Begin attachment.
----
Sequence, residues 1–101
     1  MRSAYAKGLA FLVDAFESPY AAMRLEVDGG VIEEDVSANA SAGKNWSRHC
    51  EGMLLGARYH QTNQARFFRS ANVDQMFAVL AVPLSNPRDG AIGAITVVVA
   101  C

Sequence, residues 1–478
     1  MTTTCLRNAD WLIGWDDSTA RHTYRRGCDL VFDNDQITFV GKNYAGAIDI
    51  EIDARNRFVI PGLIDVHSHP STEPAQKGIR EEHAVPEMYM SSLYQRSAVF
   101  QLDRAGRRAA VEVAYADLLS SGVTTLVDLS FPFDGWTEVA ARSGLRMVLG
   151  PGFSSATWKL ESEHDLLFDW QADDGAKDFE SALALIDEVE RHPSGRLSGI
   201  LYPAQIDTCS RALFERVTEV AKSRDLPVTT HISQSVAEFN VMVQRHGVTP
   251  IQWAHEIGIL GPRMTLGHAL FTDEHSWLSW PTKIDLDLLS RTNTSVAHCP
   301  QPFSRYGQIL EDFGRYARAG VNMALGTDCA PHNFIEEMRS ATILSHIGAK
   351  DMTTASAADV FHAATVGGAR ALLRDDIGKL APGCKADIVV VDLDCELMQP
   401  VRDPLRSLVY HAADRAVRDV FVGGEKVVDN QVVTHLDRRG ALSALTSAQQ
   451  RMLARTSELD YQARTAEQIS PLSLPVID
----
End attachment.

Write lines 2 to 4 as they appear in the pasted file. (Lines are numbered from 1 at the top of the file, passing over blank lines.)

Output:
     1  MRSAYAKGLA FLVDAFESPY AAMRLEVDGG VIEEDVSANA SAGKNWSRHC
    51  EGMLLGARYH QTNQARFFRS ANVDQMFAVL AVPLSNPRDG AIGAITVVVA
   101  C